1.     Martin Garner (personal communication, Fall, 1997) pointed out to me that Bruno Ernst (1969) wrote about an eighteenth century artist, Giovanni Piranesi, who predated Duchamp and the Penroses with his intuitive application of conflicting depth clues. Ernst, however, states that the first "conscious construction" of an "impossible object" was in 1934 by Oscar Reutersvärd who did not realize the scientific importance of what he had done with his systematic working out of various impossible cubes, configurations and "forks" until he read the Penroses' 1958 paper. Ernst quotes Roger Penrose's statement that his "own interest in impossible objects stems from the year 1954" (p. 71), when he discoverd Escher. But, as Ernst (1992) correctly points out, Escher had not done anything we "would call an impossible object" until after 1958 (pp. 71, 72)! Penrose goes on to say that he did not learn of Oscar Reutersvärd until 1984 (p. 72).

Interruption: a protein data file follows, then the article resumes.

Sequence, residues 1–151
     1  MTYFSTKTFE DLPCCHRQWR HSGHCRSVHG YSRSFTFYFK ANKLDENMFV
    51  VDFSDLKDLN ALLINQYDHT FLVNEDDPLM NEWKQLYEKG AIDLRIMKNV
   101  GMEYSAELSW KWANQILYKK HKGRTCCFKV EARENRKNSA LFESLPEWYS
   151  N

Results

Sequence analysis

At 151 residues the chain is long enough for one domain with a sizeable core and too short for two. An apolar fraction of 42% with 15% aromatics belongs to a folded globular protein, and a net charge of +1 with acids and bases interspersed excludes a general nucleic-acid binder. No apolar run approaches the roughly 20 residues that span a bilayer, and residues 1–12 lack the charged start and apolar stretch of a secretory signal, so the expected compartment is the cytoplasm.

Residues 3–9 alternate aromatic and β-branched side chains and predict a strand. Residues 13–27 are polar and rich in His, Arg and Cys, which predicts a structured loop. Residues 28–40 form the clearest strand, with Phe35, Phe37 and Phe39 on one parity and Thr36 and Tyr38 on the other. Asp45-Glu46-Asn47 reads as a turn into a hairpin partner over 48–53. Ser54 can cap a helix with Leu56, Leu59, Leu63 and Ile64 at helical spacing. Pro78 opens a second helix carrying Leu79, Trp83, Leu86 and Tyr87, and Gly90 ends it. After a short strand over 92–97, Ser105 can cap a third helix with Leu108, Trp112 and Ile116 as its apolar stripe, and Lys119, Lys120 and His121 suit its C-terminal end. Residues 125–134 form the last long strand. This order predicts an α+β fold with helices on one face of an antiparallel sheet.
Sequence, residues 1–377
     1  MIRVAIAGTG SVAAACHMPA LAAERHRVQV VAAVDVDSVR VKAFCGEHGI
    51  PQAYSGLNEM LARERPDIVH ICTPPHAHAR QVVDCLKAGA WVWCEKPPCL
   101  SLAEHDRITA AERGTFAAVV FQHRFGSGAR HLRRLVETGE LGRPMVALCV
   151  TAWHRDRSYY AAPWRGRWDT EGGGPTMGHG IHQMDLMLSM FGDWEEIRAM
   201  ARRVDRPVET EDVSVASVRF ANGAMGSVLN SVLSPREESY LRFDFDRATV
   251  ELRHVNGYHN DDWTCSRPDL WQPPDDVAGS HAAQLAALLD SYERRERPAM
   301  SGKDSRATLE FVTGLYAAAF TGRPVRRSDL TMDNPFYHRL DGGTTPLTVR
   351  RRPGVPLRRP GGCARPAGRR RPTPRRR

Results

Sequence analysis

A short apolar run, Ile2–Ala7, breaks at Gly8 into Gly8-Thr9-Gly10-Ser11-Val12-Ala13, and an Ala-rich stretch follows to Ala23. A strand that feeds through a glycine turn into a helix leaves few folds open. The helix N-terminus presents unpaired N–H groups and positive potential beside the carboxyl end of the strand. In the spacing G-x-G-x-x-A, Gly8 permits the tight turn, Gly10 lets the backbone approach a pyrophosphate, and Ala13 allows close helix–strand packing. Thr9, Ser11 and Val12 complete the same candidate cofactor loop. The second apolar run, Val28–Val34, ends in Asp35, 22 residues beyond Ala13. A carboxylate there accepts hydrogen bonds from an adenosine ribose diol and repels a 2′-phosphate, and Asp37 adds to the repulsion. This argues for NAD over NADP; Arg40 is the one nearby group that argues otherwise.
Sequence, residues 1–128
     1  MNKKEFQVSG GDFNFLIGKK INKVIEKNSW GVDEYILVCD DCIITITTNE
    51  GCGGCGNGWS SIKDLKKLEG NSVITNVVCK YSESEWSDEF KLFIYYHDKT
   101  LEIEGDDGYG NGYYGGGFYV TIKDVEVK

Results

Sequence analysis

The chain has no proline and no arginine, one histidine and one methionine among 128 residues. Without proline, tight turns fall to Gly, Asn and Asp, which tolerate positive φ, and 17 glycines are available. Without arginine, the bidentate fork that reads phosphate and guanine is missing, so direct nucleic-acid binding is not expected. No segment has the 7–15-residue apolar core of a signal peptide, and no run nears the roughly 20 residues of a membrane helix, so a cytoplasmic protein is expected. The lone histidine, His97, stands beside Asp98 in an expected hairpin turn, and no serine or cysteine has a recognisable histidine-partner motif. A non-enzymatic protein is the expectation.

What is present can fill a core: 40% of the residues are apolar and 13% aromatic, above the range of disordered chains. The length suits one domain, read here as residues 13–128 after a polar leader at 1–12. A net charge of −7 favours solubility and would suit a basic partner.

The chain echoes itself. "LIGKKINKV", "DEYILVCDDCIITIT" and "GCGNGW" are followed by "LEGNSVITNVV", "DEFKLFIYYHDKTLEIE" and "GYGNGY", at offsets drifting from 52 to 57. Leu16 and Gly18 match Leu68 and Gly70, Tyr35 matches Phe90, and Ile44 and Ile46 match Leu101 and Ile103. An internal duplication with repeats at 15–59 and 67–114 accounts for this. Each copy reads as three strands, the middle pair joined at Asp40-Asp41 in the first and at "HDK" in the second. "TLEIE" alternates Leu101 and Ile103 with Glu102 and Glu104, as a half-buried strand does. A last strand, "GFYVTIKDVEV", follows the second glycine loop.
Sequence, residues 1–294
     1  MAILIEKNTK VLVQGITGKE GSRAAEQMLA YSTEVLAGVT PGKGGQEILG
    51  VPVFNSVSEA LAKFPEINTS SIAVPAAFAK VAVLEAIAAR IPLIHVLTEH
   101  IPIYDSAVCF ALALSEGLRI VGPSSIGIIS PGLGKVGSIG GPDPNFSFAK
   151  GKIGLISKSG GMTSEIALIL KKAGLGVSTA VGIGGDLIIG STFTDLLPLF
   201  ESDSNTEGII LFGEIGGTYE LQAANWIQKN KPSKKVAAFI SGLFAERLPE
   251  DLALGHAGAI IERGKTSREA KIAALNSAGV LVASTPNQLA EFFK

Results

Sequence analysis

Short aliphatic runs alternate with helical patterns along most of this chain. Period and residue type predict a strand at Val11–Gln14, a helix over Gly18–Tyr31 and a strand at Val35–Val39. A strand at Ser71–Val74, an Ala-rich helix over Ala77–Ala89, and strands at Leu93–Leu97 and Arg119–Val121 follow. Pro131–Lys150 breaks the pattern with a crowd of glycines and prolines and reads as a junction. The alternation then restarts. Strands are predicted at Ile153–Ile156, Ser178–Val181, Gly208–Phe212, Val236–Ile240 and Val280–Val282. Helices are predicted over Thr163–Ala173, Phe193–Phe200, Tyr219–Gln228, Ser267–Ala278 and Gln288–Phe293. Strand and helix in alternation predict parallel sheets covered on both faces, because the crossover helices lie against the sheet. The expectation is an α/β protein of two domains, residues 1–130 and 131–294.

Evidence indicates that Duchamp's "Impossible Bed" was not an intuitive appreciation of an "impossible object" but a specific exploration of one case within his general category of perceptual illusions (for example, the convex/concave illusion in both Duchamp's "fig leaf" sculpture and magazine cover; and his cheese cover for the "first Papers of Surrealism") (Schwarz, 1997). Ernst (1992, pp.28-29) discusses the convex/concave illusion. Moreover, I recently discovered that Duchamp drew both an "impossible object" and a convex/concave illusion in his 1925 chess poster with its cascading and impossible and ambiguous cubes (Schwarz, 1997). With both his impossible cubes and bed, Duchamp beats out Oscar Reutersvärd as the first artist to make a series of consciously constructed optical illusion/impossible figures in a conscious series (see Ernst, 1992, pp. 69, 70).